counties collected more than $1,000 but less than $5,000.
County attorneys do not receive a portion of any amounts collected for victim restitution, the
Crime Victim Compensation Fund, the Criminal Penalty Surcharge, the Drug Abuse Resistance
Education (DARE) Surcharge, the Law Enforcement Initiative Surcharge, the County
Enforcement Surcharge, the $200 DOT Civil Penalty, and the setoff procedures under Code
Section 8A.504 or sheriff fees.
Assumptions
• In FY 2009, there were 23 counties that did not collect more than $25,000.
• As of February 28, 2010, 19 counties have collected less than $15,000 with four months left
   in the fiscal year.
• Debt will remain with the CCU to be worked for an additional 60 days rather than being sent
   to counties that are not collecting at least $25,000 in court debt a year.
• Counties that fall below the threshold can re-apply with the State Debt Coordinator to re-
   enter the program.
• Of the current amount collected, 60.0% already is deposited in the General Fund and the
   remaining 40.0% is deposited in the county general fund of the collecting county.
Fiscal Impact
The revenue impact is estimated to be approximately $56,000 to the General Fund.
                               Section 20 – Private Debt Collector

Background
The Judicial Branch completed a Request for Information (RFI) to contract with a private debt
collector in January 2009 and anticipates issuing a Request for Proposal (RFP) sometime in FY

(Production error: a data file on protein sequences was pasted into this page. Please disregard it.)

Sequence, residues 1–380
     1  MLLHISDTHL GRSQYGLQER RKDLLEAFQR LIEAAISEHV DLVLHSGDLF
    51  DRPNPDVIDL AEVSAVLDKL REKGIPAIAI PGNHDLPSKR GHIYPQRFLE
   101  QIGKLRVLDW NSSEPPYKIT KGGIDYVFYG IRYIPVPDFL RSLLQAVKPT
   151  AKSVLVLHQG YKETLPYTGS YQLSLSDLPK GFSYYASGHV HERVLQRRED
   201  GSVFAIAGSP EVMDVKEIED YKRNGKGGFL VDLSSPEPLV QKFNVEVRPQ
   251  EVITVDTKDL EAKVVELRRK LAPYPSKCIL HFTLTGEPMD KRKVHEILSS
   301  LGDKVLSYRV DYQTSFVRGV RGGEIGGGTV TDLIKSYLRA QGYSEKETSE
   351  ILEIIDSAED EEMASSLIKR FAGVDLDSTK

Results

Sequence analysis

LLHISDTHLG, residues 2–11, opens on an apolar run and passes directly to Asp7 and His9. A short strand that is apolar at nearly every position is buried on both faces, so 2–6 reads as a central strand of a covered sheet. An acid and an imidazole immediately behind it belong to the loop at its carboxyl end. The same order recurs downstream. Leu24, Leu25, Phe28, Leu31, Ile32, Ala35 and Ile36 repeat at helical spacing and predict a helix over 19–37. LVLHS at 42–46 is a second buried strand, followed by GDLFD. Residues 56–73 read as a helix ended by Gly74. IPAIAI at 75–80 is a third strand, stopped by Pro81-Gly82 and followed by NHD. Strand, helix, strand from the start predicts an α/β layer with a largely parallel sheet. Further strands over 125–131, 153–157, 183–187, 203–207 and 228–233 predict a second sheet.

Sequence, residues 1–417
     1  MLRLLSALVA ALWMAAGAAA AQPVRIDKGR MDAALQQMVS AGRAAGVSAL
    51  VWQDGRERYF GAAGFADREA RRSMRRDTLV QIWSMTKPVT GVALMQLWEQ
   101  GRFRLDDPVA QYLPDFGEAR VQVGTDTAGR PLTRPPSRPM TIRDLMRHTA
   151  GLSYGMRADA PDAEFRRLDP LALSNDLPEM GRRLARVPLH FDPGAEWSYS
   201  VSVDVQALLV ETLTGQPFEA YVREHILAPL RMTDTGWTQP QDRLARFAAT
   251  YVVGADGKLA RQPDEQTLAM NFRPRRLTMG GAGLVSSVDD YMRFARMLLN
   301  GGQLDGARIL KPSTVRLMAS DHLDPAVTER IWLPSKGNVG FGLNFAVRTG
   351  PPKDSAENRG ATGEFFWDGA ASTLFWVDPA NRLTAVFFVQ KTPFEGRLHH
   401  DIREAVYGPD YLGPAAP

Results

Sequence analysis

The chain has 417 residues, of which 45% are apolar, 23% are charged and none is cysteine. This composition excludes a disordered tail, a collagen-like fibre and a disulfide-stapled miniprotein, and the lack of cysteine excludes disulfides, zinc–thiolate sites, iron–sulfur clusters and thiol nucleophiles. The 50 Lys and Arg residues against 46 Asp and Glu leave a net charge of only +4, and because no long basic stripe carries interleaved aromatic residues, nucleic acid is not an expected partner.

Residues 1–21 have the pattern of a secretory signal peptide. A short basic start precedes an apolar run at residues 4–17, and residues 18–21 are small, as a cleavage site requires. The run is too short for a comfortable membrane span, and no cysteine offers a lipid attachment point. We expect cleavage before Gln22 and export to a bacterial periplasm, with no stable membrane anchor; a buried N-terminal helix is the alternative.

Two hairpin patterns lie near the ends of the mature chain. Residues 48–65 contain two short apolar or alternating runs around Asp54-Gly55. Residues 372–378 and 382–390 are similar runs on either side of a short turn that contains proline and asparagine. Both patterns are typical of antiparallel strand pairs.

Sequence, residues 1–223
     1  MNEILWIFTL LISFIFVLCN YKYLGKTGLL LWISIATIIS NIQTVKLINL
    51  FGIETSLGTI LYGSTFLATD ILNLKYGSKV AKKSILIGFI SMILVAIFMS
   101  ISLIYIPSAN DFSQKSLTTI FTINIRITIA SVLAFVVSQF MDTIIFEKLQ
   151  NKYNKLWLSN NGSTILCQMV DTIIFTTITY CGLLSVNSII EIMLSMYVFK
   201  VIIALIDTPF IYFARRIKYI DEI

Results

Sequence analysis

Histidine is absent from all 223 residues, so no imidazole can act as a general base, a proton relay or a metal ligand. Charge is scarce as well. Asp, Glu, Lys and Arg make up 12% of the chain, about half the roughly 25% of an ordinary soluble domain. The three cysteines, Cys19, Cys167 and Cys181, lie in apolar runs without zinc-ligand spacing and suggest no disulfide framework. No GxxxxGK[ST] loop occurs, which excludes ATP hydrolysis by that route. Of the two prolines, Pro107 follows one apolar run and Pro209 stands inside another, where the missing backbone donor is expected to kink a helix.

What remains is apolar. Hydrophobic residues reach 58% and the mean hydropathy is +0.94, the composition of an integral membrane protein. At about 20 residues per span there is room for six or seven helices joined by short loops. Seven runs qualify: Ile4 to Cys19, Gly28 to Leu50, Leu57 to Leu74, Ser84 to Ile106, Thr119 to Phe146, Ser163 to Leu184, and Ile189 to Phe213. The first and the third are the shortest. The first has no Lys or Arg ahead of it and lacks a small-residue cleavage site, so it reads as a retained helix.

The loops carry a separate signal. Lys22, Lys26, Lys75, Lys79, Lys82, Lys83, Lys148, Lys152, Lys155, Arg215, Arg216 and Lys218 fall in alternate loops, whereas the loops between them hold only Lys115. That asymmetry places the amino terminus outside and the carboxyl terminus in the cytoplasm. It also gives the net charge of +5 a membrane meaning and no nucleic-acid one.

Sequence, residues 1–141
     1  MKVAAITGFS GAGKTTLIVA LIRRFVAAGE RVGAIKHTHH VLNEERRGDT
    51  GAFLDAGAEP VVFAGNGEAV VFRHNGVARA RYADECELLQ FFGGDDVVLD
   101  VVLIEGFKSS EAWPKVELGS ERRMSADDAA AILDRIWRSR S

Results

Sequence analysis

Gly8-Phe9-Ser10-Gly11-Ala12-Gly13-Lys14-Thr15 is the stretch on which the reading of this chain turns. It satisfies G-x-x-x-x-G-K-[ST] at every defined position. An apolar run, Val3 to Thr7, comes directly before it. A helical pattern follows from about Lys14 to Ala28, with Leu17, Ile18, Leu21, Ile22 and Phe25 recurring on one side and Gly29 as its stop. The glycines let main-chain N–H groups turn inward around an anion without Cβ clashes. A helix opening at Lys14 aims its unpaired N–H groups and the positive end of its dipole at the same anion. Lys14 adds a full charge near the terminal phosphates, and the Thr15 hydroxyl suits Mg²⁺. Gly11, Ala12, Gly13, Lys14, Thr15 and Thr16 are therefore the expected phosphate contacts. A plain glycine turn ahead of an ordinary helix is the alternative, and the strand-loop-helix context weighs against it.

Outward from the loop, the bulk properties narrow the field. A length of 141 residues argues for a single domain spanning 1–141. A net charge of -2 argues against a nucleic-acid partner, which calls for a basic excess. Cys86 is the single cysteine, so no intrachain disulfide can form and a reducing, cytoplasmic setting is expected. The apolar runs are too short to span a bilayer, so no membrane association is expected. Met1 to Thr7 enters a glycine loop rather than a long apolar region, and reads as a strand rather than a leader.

2010.
Assumptions
• Any debt that is deemed delinquent (30 days) and has been transferred to the CCU but is
   not in a payment plan with the CCU is required to be sent to a private debt collector after
   one year.
• The add-on collection fee for a private debt collector is up to 25.0%. This amount is in
   addition to the total debt owed.
Fiscal Impact
This Section may result in additional receipts to the General Fund or other funds resulting from
the collection of debt, but the amount cannot be determined.

              Section 21 – Clarifies Payment of a Fine at the Date of Imposition

Background
Under current law, Code Section 909.3(1) contains language stating that all fines imposed by
the Judicial Branch will be paid on the date the fine is imposed.
This Section clarifies current law by directing persons to pay court fines to the Clerk of District
Court at the date of imposition.
In FY 2009, 30.0% of the fines imposed were paid within 30 days.
Under current law, Code Section 909.3(2) provides Judges discretion to allow an installment
plan or to fix a date no more than 120 days into the future for payment of a fine. For good
cause, the Judge may extend the payment more than 120 days.
Assumptions: